As an incentive for employees to work an unhealthy number of hours, 120 VC (the company through whom I contract with DIRECTV) offers a yearly trip to individuals who average at least 45 billable hours per week. Last year’s trip led Aaron and I to the Four Seasons in Santa Barbara, while this year’s offering took us to the Green Valley Ranch Resort in Las Vegas. For those unfamiliar with Vegas, the Strip is the center of all activity; Green Valley is not on the Strip. As a result, on Friday night Aaron and I hopped into a shuttle, arrived on the Strip, and spent the next several hours punishing our livers and increasing casino profit margins before hailing a cab to return to quieter settings. The next day we awoke with the typical day-after Vegas lurgy and after spending some time at the arcade headed off to the hotel spa for detoxification, all the while vowing that Saturday night would be more laid back; this vow was one that would be broken.
The company had provided me with a bit of spending money for the weekend, so we decided to break convention and see a show. Since Cirque du Soleil has about 300 shows currently in Vegas we figured that was a good option, and randomly picked Zumanity, not realizing that it was Cirque du Soleil’s freaky sex-themed show. While I was fully in favor of the myriad of boobs and acrobatics, the six foot six dominatrix host(ess) and gay gladiators were less of a draw for me. Aaron summed it up well: “That was crazy. I liked it. I’m glad we went. But I’d probably never go again.”
With the show ending around 9:00, the evening took a new direction. Hanging out in the bar at New York, New York casino we were watching highlights on Sportscenter, talking to random people, and occasionally stepping away to lose a few dollars in the slot machines when the magic of Vegas intervened. While we were downing Coronas an obviously drunk pair of brothers from the actual state of New York came dancing by, and Aaron made the comment that “you guys are just sort of making your own little dance area, huh?” “Dance area” is Vegas code for mayhem, and thus was born the New York, New York dance floor. In the midst of a busy casino walkway next to the bar Aaron and his new friends started levying a dance tax on all who passed through – “This is the dance area, you have to dance in the dance area!” While this would have been beyond obnoxious anywhere else, in Vegas these moments are the stuff of legend, and girls, guys, waitresses, security guards, young people, old people, and everyone in between spent a bit of time dancing through the next four hours. One old Asian lady who clearly spoke no English looked panic-stricken when Aaron danced up to her, partially blocking her way, but after two seconds a smile broke across her face, she high-fived, and shimmied her way along. There were moves made that caused women to swoon and would have caused Fred Astaire to cringe, people who returned hour after hour to see what was going on, many drinks consumed, and more laughter than on almost any Vegas trip I’ve ever had the pleasure of partaking in.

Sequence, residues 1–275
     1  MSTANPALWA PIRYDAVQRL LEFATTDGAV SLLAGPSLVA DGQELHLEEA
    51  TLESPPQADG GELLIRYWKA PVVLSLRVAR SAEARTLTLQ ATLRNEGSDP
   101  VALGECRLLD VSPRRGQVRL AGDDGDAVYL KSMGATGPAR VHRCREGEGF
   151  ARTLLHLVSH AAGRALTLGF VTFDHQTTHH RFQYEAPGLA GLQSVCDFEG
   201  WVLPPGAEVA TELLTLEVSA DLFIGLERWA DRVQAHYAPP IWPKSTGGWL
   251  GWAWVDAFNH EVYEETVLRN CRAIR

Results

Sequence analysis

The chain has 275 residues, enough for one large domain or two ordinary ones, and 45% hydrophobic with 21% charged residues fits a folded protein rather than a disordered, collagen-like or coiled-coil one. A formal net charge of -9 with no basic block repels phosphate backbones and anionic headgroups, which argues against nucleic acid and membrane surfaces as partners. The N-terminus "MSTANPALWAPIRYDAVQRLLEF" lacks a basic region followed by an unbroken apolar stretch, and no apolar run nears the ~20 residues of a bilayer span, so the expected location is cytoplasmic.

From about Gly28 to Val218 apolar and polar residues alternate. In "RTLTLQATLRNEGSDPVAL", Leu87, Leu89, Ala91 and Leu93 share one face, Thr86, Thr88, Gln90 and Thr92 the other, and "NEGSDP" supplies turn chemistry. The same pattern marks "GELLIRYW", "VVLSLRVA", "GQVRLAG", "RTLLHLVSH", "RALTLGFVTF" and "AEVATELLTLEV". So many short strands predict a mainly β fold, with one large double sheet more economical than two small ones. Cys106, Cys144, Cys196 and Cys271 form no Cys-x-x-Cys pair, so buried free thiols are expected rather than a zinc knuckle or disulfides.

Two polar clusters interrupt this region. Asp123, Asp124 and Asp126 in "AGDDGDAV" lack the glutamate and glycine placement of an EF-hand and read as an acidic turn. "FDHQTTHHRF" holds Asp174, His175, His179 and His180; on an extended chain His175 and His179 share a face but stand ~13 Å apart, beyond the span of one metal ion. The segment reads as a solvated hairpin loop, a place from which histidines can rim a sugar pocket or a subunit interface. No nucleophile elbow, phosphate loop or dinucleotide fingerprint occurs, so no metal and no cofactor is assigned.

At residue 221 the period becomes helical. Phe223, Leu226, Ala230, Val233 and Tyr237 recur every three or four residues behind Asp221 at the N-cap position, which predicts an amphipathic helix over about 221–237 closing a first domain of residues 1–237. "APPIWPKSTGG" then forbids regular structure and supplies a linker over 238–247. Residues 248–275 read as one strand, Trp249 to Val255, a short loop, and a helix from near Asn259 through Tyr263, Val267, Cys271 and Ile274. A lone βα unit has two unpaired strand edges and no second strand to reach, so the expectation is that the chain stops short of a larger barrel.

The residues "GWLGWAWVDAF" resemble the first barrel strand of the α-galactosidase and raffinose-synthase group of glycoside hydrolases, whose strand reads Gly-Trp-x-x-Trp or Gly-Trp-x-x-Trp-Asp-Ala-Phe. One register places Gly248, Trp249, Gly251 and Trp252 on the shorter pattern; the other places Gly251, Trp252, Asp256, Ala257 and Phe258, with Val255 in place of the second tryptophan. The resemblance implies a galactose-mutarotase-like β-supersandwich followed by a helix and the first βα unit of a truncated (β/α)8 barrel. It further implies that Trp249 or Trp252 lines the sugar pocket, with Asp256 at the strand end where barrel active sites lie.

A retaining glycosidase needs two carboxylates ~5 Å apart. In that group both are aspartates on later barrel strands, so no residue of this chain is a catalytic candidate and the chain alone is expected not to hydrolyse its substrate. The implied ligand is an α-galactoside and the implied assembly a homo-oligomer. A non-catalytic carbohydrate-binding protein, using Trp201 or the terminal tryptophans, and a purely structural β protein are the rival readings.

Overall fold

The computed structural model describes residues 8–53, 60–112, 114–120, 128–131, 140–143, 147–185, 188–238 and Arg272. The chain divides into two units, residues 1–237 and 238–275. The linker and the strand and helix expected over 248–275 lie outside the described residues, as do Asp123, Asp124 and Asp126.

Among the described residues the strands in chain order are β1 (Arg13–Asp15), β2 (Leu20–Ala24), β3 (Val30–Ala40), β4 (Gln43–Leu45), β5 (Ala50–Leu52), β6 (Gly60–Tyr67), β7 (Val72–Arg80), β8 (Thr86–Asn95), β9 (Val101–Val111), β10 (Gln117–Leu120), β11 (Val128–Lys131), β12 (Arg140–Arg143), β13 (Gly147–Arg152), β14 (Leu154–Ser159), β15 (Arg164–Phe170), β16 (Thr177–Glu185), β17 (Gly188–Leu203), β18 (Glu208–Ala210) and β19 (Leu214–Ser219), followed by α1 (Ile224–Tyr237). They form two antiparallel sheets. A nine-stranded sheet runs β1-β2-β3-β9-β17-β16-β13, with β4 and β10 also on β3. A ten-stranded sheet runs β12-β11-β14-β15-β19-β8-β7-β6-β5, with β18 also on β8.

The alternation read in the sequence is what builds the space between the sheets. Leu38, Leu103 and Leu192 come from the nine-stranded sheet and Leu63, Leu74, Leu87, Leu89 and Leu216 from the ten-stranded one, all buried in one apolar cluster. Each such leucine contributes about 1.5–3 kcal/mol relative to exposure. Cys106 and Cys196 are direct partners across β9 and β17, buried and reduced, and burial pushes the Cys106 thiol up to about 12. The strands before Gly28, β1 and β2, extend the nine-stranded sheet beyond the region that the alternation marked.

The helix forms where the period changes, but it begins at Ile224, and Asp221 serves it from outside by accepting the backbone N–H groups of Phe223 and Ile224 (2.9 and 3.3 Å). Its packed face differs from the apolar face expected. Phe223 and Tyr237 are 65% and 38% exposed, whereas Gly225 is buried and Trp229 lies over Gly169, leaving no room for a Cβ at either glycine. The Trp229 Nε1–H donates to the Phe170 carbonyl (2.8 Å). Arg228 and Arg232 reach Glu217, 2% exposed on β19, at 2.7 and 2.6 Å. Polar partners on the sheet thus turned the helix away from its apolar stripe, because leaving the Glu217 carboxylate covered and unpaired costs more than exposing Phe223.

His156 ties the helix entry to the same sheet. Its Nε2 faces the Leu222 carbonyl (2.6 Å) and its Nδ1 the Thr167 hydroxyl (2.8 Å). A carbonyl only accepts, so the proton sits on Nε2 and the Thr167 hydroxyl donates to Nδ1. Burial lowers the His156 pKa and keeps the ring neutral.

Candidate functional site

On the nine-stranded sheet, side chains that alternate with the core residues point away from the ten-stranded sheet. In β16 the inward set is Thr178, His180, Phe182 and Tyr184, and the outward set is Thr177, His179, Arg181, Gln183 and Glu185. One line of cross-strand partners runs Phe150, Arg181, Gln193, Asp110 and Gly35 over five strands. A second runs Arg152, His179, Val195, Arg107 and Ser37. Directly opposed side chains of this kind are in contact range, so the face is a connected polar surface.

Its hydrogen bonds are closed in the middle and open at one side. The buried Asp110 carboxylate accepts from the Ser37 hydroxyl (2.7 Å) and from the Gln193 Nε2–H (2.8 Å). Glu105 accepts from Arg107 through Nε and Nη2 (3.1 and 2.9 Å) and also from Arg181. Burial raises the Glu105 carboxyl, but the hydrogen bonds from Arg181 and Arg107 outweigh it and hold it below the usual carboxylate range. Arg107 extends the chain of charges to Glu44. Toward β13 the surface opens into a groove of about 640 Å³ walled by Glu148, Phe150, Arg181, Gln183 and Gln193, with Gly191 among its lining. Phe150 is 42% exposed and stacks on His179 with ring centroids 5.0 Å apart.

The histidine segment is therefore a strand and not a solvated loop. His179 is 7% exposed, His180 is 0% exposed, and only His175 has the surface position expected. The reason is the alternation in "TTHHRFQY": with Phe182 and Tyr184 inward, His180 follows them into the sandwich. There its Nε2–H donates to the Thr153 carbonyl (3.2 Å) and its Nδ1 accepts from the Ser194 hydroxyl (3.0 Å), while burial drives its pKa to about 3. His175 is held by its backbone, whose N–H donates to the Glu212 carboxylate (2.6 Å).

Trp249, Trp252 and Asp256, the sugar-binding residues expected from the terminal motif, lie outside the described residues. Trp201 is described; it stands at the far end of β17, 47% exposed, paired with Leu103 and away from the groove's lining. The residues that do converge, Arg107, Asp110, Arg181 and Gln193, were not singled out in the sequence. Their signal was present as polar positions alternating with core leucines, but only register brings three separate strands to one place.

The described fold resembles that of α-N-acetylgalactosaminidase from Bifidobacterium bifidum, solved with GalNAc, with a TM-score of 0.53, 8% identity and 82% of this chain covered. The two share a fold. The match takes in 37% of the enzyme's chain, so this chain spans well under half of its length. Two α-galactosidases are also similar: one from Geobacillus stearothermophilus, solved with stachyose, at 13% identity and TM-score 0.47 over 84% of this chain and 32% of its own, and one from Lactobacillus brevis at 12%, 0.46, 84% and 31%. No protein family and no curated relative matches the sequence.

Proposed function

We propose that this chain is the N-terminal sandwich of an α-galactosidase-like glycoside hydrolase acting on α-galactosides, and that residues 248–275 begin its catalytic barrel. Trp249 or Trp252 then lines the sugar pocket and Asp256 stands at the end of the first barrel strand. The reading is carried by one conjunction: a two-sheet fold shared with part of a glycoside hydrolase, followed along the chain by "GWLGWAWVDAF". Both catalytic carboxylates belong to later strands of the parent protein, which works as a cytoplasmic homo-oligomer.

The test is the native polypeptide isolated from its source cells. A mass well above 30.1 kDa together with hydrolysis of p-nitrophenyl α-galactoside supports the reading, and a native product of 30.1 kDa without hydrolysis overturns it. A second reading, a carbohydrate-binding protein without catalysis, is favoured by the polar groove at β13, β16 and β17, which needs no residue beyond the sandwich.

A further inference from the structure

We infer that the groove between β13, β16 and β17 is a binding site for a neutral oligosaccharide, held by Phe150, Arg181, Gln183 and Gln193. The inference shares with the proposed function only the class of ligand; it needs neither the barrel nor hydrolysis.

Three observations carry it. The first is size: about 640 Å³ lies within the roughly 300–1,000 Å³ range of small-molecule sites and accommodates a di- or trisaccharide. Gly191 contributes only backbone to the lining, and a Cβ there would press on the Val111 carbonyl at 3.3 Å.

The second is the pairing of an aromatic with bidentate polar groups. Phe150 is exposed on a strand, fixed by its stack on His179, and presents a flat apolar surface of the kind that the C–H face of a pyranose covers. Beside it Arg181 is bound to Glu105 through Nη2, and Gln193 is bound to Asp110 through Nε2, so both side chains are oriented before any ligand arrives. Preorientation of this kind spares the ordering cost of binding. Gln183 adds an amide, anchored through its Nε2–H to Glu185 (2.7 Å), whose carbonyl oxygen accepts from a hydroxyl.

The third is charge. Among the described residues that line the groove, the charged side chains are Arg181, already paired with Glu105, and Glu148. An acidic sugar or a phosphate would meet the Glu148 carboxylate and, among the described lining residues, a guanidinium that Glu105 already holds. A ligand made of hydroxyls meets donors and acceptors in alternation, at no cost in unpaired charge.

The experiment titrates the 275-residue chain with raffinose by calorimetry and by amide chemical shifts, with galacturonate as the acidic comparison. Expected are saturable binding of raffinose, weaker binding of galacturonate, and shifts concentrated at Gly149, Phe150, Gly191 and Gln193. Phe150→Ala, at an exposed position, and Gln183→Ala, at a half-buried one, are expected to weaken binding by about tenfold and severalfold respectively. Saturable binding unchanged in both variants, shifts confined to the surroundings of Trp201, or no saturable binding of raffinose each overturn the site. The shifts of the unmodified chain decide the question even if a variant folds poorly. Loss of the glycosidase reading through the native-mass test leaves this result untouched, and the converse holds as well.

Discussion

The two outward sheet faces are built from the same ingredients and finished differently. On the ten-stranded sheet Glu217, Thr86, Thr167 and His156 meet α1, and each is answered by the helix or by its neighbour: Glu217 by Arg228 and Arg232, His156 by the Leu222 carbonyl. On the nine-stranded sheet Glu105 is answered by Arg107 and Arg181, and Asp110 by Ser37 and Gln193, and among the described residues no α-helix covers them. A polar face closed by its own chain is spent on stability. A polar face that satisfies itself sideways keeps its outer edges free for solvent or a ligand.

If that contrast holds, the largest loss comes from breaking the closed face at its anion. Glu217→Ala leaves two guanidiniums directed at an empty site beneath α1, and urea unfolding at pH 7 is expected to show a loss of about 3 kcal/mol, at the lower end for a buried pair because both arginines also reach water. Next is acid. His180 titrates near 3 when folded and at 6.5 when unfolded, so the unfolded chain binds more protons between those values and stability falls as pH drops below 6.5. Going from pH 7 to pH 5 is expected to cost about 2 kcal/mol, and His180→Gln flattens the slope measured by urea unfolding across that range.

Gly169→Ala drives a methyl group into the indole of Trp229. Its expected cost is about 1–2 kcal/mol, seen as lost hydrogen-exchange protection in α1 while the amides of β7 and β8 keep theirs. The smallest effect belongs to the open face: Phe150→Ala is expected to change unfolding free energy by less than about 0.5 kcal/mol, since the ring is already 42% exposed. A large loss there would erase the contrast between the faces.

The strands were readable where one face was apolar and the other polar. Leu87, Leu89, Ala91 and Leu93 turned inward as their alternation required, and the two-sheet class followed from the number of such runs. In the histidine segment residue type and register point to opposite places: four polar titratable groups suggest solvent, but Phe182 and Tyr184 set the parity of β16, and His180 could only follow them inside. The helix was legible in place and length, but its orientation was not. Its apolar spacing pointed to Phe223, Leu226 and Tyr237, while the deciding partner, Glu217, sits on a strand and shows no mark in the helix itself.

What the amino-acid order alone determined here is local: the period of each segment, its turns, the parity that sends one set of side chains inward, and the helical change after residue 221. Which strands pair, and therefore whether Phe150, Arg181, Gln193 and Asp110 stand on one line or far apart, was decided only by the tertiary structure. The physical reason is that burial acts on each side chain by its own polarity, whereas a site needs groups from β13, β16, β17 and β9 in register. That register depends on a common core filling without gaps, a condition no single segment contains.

The dance-a-thon ended around 2:00 AM, and by 3:30 I returned to the Green Valley. Aaron made it back around 6:00 AM, and the very overpriced room service was a blessing when we finally awoke the next day. I had planned on setting off back to LA around 4:00, but after a streak of bad luck the gods of Vegas decided to keep me around a bit longer by giving me two of the three highest “Hot Hot” jackpots during a two hour stretch (“highest” is relative on these slots – I won a grand total of $50), and when finally I rolled back into Culver City around midnight it was a tired but happy man that curled up into bed.